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Smart wall switches and push buttons

One might think that one of the typical uses for a smart wireless switch (like Sonoff devices) is to be embedded behind a normal wall switch so it becomes a “smart” wall switch. It may seem obvious but it’s not that straight forward. There are several things that get in the middle.

  • Most (all?) the boards have momentary push buttons while wall switches are (normally) toggle switches
  • Most of the available boards in the market are SPST, even those with SPDT relays often only provide terminals for COM and NO, not NC. I only have one one-throw switch at home, all the others are one-way-two-throw and are being used as part of a multi-way switch.

First problem can be easily solved in code. Instead of detecting one edge of the button signal (usually the rising edge since most push buttons are configured with pull-ups) you can detect both edges.

Second problem is harder since it depends on the hard-ware (ehem). But there are a few boards out there with SPDT relays like the Itead 1CH board I recently covered, the e_Goto Wifi Relay Switch Module [Aliexpress] or the Your Cee ESP8266 5V WiFi Relay Module [Aliexpress]. There are also two-relay boards you can use for a multiway switch by syncing the relays in opposition mode using ESPurna firmware for instance (one and only one relay on). The Electrodragon ESP Relay board is one such boards. Another one is the Sonoff Dual.

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The Electrodragon ESP Relay board and Itead’s Sonoff Dual

Tricking the Dual

Recently a user of ESPurna asked me how to use the Sonoff Dual with a wall switch. No problem since you can change the firmware to support toggle twitches, right? Wrong. There is a problem with this device because there is a second microcontroller on board that drives the button (and the relays), a Silicon Labs F330. You can control the relays from the ESP8266 sending the appropriate instructions to the F330 and it reports the button events via the same serial line, but only rising edges.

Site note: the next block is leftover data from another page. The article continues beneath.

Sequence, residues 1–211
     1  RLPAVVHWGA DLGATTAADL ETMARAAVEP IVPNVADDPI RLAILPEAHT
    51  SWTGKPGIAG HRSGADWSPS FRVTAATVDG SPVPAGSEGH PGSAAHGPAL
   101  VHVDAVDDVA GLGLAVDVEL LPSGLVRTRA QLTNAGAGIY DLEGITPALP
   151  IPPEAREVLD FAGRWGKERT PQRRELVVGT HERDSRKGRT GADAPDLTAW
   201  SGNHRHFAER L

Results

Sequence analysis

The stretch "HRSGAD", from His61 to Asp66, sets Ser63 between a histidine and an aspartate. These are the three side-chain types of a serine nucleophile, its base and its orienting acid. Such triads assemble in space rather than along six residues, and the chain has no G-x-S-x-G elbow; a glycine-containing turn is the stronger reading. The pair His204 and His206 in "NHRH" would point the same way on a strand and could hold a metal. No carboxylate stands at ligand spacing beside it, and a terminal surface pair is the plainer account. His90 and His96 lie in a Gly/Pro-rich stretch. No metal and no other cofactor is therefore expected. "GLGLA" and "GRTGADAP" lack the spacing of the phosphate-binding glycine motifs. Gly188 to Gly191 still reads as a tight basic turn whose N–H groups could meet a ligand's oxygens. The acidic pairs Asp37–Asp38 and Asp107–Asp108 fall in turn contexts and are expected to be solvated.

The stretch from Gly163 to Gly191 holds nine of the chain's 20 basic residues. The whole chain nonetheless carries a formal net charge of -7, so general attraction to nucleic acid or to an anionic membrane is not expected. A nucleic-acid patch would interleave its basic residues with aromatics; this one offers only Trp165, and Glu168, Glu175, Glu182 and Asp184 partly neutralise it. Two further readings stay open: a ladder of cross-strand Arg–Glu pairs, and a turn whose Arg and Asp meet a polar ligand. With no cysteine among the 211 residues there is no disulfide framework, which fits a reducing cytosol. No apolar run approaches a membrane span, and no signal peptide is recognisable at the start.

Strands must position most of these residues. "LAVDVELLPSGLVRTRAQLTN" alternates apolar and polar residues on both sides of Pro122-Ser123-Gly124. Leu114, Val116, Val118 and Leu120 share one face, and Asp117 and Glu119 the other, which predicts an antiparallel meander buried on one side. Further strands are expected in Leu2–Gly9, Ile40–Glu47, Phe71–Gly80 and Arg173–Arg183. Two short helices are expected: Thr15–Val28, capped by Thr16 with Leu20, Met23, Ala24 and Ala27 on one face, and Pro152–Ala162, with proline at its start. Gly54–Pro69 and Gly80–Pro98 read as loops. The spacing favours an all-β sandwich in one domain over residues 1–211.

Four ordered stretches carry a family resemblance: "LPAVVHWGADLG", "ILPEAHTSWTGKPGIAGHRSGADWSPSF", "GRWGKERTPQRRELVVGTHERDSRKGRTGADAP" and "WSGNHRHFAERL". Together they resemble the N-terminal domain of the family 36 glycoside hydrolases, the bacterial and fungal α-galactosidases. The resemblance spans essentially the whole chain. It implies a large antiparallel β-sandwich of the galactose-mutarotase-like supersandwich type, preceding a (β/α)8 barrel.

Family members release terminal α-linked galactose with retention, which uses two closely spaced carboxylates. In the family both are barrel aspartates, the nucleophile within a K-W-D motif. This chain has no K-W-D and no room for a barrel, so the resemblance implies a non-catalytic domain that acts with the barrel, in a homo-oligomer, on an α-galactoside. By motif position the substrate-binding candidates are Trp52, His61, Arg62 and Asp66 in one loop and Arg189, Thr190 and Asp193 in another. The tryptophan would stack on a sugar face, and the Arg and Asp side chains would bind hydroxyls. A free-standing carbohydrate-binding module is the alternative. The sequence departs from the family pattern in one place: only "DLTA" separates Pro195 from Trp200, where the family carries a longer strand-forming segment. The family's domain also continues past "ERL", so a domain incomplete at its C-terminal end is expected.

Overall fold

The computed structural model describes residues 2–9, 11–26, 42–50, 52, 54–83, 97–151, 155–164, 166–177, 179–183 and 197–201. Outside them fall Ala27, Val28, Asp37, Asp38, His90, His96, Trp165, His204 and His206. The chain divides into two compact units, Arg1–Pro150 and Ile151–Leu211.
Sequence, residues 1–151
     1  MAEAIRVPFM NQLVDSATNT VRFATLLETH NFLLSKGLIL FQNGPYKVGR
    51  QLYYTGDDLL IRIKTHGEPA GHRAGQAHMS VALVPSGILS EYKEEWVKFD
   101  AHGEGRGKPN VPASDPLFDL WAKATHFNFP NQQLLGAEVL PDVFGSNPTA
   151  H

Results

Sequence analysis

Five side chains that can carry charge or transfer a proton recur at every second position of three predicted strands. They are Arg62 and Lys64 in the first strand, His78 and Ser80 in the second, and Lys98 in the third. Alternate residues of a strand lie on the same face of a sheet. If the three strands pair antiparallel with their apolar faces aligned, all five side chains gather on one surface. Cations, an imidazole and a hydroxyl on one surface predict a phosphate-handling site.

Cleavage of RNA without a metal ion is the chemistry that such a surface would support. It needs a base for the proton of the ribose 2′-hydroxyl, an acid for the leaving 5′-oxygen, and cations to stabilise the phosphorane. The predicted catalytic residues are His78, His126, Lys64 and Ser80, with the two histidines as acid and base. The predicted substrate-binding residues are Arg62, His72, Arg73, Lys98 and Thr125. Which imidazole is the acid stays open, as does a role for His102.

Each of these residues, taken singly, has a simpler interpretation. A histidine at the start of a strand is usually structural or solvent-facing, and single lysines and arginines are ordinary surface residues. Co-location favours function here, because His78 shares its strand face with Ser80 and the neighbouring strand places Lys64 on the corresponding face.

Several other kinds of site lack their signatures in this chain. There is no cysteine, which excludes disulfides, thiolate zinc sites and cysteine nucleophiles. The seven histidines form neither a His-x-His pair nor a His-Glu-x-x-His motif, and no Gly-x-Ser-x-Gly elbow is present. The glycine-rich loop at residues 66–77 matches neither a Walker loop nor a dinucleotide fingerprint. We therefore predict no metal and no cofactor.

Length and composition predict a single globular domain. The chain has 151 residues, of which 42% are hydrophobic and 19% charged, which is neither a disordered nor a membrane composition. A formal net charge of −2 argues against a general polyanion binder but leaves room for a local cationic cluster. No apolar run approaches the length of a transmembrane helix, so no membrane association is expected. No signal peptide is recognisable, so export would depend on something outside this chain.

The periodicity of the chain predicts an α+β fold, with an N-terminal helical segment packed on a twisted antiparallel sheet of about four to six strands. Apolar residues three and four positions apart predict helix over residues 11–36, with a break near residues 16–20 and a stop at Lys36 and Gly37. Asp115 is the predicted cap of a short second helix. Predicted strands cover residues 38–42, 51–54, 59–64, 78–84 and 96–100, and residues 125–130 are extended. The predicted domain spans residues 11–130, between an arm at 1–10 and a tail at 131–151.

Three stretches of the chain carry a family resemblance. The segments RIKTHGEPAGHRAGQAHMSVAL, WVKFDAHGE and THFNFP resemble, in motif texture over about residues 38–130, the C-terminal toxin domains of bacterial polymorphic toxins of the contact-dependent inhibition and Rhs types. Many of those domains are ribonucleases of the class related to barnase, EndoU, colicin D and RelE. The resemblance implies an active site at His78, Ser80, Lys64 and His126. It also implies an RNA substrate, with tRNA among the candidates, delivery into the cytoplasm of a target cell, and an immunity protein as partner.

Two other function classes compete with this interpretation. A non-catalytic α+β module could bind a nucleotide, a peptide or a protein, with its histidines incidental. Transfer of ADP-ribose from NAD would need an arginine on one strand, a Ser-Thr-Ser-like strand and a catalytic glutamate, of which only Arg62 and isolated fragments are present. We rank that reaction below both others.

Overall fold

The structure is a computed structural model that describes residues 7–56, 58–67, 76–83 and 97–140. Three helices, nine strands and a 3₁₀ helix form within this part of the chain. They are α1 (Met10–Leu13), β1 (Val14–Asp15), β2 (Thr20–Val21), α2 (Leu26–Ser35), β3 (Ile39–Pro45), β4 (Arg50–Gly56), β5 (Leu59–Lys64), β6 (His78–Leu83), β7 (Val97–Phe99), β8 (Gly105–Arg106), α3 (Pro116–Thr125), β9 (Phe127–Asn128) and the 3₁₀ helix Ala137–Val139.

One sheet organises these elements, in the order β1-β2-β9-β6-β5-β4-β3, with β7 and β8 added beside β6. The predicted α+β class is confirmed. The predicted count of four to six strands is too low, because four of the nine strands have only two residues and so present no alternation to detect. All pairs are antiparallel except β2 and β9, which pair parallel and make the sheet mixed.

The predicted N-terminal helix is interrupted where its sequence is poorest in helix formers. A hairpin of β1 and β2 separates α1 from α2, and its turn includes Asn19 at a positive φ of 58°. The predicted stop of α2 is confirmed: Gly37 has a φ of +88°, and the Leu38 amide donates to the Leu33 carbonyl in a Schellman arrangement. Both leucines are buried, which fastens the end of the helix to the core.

That means you can’t have long click events for instance (since you don’t know when the user pressed the button, only when she released it). But it also means it doesn’t work for toggle switches (wall switches).

Well, it does not work easy, but you can make it work. The trick is to add a little additional circuitry to force the wall switch behave like a momentary push button. At least for those that work in multi-way switch configurations.

If your wall switch is a single-pole-double-throw (SPDT) device it has not 2, but 3 possible states. The third one being when the pole is moving from one output to the other. Its floating. If we connect the pole to ground and the two outputs together to a NPN with a pull-up the wall switch will normally tie the NPN gate to ground and prevent current from flowing across it, except when the pole is moving, during that few milliseconds the output is pulled up by the resistor and the NPN allows the current to flow. You have a push button!

The schematic of the solution

The schematic of the solution. BTN has a hardware pull-up.

It works!

It adds a bit of complexity but it’s working great. I was afraid there was some debounce code that would remove the signal shape (when the pole moving from on contact to the other) but it is very sensitive. A slight push will make the pole lose contact and the relay to trigger, even if it does not travel all the way to the other contact. So you might actually want to add some hardware debounce to the solution.

img_20170206_214431xThe Dual has a header to connect BUTTON0 and BUTTON1. Any of those will work since they are directly managed by the F330. You also have GND and 3V3 (in a different header).